Just as suspected, the town’s newly adopted pay as you throw trash program has reduced trash and increased recycling at the transfer station.
Last night, Director of the Department of Public Works Paul S. Tilton gave selectmen an overview of the first six months of the program.
Mr. Tilton said that since the program was implemented in July, the amount of solid waste going into the transfer station has dropped dramatically, from a 506 tons in July 2010 compared to just 252 tons in July of this year. The volume of solid waste remained low even during the months of November and December, which have historically been very busy in terms of trash disposal.
According to DPW foreman Stefan E. Masse, there was no line of cars waiting to get into the transfer station in the days after the Christmas holiday this year. Mr. Masse said prior to the implementation of the pay as you throw program, traffic volume following the holiday was always high.
"Typically, we have to devote the majority of the DPW employees to the transfer station. Traffic volume was significantly lower than in previous years. Pay as you throw has to be the reason," Mr. Masse said.
He explained that because there is less solid waste going into the trailer, it does not have to be compacted as often or emptied as often. And because the trailer is not being emptied as often, he said, there is less wear and tear on the equipment.
As the volume for solid waste has gone down, the recycling numbers have gone up. Mr. Tilton said there has been a 65 percent increase in the recycling of items such as bottles and cans and a 36 percent increase in recycling of paper.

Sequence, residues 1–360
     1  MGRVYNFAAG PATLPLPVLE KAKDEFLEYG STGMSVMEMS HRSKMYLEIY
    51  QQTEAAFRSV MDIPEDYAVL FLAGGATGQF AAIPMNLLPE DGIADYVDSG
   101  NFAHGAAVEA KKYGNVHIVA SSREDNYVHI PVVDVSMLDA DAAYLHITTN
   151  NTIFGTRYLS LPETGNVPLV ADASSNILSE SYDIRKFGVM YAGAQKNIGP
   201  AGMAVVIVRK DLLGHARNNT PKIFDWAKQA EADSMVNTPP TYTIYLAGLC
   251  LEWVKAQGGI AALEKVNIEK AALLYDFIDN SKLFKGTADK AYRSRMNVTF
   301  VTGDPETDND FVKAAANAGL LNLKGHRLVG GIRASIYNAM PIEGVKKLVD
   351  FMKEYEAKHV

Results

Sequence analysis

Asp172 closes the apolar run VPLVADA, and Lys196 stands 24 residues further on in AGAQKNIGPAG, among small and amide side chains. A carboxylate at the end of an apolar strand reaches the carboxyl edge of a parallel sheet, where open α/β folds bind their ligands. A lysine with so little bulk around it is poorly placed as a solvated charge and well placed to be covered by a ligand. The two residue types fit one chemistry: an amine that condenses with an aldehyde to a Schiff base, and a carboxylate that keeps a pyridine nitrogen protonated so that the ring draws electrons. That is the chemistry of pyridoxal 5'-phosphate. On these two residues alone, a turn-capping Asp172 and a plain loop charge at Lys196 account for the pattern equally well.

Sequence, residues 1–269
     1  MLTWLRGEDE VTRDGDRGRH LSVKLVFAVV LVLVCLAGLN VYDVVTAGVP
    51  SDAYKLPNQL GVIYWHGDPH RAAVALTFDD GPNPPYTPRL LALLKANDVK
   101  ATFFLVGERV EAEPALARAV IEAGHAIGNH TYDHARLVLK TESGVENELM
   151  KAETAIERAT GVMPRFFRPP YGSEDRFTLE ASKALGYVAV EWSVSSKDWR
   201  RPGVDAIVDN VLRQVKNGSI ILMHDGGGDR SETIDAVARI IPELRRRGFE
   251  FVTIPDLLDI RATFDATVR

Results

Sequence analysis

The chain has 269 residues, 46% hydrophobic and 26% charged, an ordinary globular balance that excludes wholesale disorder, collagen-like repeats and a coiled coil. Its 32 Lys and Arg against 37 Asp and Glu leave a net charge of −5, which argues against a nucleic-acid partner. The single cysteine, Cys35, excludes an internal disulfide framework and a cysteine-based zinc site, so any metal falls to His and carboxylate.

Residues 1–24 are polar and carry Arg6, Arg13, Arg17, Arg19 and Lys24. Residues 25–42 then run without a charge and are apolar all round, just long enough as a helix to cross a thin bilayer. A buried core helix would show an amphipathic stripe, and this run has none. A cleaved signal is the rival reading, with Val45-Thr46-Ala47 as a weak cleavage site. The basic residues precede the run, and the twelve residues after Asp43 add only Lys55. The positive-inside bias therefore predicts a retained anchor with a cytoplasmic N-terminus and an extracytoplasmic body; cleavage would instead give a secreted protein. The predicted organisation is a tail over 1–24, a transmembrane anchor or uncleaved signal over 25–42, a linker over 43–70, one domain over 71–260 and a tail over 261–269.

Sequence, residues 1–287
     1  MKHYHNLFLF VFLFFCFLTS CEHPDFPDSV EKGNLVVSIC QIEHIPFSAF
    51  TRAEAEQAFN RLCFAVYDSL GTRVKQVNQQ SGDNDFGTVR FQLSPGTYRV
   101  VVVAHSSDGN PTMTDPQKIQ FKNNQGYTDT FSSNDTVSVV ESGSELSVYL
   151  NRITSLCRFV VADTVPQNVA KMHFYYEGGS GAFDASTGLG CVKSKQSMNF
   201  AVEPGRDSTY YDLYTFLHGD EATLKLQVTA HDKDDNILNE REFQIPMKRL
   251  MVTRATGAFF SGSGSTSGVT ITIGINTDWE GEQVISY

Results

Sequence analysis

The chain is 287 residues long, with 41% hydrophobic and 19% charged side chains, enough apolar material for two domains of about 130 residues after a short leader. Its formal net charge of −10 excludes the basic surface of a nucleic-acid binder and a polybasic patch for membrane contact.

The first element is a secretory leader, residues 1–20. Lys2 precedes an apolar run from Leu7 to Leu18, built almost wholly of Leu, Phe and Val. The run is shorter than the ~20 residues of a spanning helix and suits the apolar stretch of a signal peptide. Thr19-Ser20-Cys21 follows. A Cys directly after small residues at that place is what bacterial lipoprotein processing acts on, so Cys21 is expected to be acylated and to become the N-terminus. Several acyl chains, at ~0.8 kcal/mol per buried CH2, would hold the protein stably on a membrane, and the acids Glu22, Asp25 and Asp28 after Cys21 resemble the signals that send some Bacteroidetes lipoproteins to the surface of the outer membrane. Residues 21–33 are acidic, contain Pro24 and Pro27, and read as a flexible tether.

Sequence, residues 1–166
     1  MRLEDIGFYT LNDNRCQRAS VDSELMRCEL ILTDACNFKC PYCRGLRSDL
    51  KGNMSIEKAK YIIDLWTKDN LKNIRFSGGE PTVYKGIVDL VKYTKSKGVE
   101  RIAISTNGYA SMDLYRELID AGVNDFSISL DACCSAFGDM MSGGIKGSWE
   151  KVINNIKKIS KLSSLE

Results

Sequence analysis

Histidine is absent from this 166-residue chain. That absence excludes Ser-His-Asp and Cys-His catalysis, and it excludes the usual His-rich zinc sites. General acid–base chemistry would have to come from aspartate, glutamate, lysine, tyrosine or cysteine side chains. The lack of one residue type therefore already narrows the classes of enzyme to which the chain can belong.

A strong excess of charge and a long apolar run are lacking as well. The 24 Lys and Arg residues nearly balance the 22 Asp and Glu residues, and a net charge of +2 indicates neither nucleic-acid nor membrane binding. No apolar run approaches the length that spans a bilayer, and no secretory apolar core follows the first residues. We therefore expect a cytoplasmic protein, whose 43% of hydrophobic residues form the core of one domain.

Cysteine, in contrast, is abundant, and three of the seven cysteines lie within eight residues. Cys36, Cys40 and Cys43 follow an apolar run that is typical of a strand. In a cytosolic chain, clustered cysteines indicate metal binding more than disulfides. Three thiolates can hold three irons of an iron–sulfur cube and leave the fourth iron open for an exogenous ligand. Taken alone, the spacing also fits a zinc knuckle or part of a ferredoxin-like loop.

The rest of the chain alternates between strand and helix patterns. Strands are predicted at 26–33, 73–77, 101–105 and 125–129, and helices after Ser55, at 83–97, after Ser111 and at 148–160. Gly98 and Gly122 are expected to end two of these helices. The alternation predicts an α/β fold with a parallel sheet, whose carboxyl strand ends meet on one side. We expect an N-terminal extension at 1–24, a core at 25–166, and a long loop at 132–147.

"Many people who were not in favor of the pay as you throw program before we implemented it, are happy with it now. Some residents have commented that they can't believe how much they are recycling," Mr. Tilton said. He added that other residents are surprised at how infrequently they have to come to the transfer station.
While the numbers for solid waste and recyclables were what town officials had expected, the revenue generated from bag sales was not.
The actual revenue generated from the sale of bags over a six month period was $127,699, much lower than the projected $208,101.
Town Manager George H. Dunham noted that it is difficult to predict what could happen over the next six months. He also pointed out that the savings from tipping fees could offset the lower than projected revenues.
Last year from July 1 through December 31, the town spent $158,224 in tipping fees. For the same period of time this year, the town paid $93,032, representing a cost avoidance or savings of $65,192.
The town also realized a savings in terms of the cost to dispose of bulky or non-routine items. From July 1 through December 31, 2010, the town spent $25,425 to dispose of bulky items. For the same period this year, the town spent only $6,825.
Mr. Tilton said overall the program is working very well and the town has realized several benefits from the program. He said traffic volume is down by 20 percent since the program began and because people are making less trips to the transfer station, it has freed up some of his employees to work on other projects.